Joey. Love is a feeling and also a process.

Kimiyoshi Koutake and Kyoko Koutake

Hat, Monochrome, Monochrome photography, Travel, Bag, Black-and-white, Sun hat, Luggage and bags, Fedora, Shoulder bag,

Kimiyoshi, 80, and his wife Kyoko, 77, have been married for 54 years. He is a retired mechanical engineer; Kyoko used to run a local corner store that sold sandwiches and snacks. They live in Kitakyushu, a city located in Fukuoka Prefecture, Kyushu, Japan.

Q. Describe your first date.
Kyoko: We went to a coffee shop in Mount Aso where you can view the town. Then we went to a Chinese restaurant and shared deep-fried noodles.

Q. What’s your favorite thing about your partner?
Kimiyoshi: She’s cute!
Kyoko: He’s very nice. He was skinny when we met, and had lots of hair! He also treated me differently than the other men I met when I was younger.

Q. What’s been the biggest obstacle to your relationship?
Kyoko: Our hobbies are different, so, making time for each other. I enjoy seeing my friends and drawing. Kimiyoshi used to play mahjong and come home late at night. We discovered more similarities later on like walking around the mall and collecting china. We also built a house together, the same one we’re living in now. It’s been standing for 40 years now.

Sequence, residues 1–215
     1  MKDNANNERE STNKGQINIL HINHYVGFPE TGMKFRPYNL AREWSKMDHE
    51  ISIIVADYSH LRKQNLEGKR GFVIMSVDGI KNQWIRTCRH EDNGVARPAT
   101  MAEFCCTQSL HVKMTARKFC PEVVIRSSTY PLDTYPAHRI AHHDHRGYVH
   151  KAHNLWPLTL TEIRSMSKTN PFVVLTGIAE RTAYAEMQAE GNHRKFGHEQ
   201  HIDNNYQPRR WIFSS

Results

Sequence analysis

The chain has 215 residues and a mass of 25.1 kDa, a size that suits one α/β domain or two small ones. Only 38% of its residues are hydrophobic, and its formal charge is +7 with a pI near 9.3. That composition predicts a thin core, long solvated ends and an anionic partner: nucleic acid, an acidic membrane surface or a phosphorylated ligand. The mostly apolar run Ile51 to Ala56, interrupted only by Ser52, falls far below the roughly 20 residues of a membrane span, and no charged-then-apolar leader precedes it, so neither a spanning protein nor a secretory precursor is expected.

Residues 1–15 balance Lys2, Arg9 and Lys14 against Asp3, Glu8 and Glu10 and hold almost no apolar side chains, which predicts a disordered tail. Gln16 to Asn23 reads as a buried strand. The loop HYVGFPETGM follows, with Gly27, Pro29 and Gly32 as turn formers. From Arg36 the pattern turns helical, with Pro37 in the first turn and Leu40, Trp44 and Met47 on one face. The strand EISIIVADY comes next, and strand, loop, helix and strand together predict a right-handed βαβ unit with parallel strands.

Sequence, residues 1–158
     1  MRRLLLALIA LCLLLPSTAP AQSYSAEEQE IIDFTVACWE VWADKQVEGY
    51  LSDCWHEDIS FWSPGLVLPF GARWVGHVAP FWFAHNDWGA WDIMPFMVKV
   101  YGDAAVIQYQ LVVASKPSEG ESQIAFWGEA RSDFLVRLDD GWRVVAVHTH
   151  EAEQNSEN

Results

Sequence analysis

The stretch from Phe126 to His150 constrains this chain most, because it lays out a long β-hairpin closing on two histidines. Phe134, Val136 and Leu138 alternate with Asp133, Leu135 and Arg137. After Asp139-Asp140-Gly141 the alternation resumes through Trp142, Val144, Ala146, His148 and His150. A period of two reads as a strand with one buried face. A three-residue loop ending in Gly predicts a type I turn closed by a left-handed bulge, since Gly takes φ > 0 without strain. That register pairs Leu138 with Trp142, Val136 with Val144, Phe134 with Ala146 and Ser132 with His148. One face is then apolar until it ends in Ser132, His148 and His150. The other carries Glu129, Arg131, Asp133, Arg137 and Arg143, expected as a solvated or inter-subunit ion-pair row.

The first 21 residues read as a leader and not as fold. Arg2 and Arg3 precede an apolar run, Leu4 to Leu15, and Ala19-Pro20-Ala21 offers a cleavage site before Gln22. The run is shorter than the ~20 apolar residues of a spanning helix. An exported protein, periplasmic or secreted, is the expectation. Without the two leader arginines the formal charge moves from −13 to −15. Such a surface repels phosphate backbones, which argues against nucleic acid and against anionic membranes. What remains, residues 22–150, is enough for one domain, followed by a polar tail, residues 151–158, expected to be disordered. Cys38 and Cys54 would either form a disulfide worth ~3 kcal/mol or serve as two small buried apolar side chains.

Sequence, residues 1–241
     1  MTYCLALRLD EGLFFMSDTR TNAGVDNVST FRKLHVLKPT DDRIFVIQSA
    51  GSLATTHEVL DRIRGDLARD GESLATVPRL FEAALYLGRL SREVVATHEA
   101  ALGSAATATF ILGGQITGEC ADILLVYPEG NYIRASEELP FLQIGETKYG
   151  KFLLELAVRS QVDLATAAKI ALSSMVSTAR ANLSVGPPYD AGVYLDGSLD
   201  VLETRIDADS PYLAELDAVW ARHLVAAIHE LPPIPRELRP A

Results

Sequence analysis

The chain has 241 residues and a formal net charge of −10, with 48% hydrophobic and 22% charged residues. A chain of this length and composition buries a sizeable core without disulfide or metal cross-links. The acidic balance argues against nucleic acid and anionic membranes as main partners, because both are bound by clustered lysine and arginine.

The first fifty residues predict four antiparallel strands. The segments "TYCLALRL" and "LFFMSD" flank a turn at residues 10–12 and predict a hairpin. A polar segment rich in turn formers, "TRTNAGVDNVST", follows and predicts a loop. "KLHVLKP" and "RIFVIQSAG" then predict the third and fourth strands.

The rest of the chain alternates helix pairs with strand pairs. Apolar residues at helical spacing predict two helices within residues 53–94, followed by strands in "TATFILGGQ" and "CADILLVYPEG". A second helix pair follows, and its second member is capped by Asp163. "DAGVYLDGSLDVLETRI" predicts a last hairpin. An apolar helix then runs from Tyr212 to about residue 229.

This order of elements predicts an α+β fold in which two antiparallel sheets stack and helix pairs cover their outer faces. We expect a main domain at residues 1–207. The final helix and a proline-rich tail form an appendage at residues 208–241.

Q. What are mornings like for you two?
Kyoko: I wake up first at 6:30 a.m. and do radiotaisou. He wakes up after I’m done. Then, we watch asadora and drink one cup of green tea. I’ll make sandwiches for breakfast, or toast with jam. We have it with milk and fruit. Then we clean up and I do the laundry. Before you know it, it’s lunch.

Q. Any secret to love?
Kyoko: Being able to have fun together.
Kimiyoshi: Sharing meals together.